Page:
Home Interviews Elicera on AstraZeneca’s acquisition of Neogene Therapeutics

Elicera on AstraZeneca’s acquisition of Neogene Therapeutics

Elicera comments on AstraZeneca acquisition of Neogene Therapeutics

Elicera on AstraZeneca’s acquisition of Neogene Therapeutics

8 February, 2023

Interest in cell therapies is on the rise, which is noticeable both in research and the huge deals that have been made in the field in recent years. One of the latest proofs of this is AstraZeneca’s acquisition of Neogene Therapeutics, which develops T-cell receptor therapies. BioStock contacted the Swedish cell and gene therapy company Elicera Therapeutics, who commented on the importance of the acquisition for the cell and gene therapy field.

Cell therapy is an emerging field in the treatment of cancer. With this therapy, the patient’s immune system is modulated to attack the tumour more specifically by using cells – either the patient’s own or donated ones. Unlike conventional drugs, cell therapies are mostly individualised. They are considered to have the potential to fill a great need that today’s cancer drugs fail to achieve.

Increasing interest in cell therapy

Lately, it has become clear that the area is attracting interest. Research in cell therapy has increased in recent years, as has the focus of the global pharmaceutical giants. Several have chosen to acquire smaller biotech companies active in cell therapy, which signals the companies’ belief in this treatment form. Some examples of this are Gilead’s acquisition of Kite Pharma for USD 11.9 billion in 2017 and Celgene’s choice to acquire Juno Therapeutics for USD 9 billion in 2018. Sanofi’s acquisition of Kymab in 2021 involved an upfront payment of approximately USD 1.1 billion with up to an additional 350 MUSD upon achievement of milestones.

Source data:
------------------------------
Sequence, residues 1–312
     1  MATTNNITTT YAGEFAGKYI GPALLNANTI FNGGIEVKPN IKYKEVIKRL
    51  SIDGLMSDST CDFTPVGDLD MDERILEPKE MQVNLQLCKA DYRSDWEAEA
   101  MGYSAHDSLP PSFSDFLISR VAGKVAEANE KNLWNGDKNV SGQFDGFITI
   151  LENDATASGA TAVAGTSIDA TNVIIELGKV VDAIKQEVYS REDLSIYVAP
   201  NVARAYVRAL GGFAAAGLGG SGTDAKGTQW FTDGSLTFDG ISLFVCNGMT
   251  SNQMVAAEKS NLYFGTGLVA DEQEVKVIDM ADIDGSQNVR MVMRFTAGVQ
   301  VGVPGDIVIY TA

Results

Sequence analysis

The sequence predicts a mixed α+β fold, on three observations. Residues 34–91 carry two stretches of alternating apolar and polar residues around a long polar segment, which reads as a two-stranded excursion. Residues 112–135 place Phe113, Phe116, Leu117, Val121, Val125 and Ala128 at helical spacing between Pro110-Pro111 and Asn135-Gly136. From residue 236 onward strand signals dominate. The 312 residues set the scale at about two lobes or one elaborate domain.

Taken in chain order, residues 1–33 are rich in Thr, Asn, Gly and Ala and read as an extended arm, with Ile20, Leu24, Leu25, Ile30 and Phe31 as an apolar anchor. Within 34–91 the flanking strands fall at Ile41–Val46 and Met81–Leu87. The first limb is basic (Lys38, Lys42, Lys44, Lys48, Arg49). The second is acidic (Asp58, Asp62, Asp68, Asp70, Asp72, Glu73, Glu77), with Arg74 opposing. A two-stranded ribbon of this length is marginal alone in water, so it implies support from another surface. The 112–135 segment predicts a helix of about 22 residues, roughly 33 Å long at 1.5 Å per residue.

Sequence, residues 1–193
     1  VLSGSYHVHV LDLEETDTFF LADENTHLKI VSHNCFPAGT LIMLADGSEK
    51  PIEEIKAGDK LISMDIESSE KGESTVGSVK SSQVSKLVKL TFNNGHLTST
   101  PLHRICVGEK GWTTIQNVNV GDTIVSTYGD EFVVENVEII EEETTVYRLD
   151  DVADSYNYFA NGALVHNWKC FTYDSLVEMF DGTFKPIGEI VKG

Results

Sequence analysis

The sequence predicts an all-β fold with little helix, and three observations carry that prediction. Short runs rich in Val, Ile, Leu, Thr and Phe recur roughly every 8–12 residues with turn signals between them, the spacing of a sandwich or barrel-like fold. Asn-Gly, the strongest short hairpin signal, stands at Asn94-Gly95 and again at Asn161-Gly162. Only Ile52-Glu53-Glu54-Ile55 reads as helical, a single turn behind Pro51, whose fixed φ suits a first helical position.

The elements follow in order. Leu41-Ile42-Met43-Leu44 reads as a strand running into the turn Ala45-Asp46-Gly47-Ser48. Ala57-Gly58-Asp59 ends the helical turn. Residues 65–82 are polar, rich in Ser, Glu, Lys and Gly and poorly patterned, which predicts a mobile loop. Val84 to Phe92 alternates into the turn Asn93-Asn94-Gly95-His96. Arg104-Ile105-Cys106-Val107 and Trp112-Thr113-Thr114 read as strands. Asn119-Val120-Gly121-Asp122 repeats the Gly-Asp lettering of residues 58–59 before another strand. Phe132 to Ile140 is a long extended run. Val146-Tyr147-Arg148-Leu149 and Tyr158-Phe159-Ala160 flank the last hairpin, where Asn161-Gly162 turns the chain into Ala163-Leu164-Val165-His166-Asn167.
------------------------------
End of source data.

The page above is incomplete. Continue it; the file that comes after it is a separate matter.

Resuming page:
Perhaps the most recent example is the transaction between AstraZeneca and the cell therapy company Neogene Therapeutics, which meant that the pharmaceutical giant recently acquired all shares in Neogene in a deal worth up to a total of 320 million USD. Neogenes’ focus is on T-cell receptor (TCR-T) therapies for the treatment of cancer.

TCR and CAR-T in cancer treatment

But what is this kind of cell therapy really? First, a brief explanation of our bodies’ defence against cancer is required. Our immune system plays a fundamental role in eliminating tumour cells. This includes the T-cells, a type of white blood cell, which are particularly important attackers.

However – as is widely known – too often, the immune system is not sufficient to successfully fight the tumour or tumours, which is reflected in the high mortality rate in many cancer forms. That is why great resources have been put into researching the modification of the important T-cells, with the aim of strengthening their attack on the cancer cells. The technique involves extracting T-cells from the patient, then genetically modifying them in a laboratory so that they express receptors that can recognise and bind to specific cancer cells. Finally, the enhanced T-cells are returned to the patient by infusion in the hospital. This can provide a tumour specificity that the T-cells are otherwise lacking. The two most common receptor types used are the T-cell receptor and chimeric antigen receptors (CARs).

TCR therapies and CAR T-cell therapy are considered to have great potential to revolutionise cancer care. CAR T cell therapy alone is estimated to reach a global market value of USD 25 billion by 2028. Read more about CAR T-based therapy here.

Elicera at the forefront with technology to weaponize CAR/TCR therapies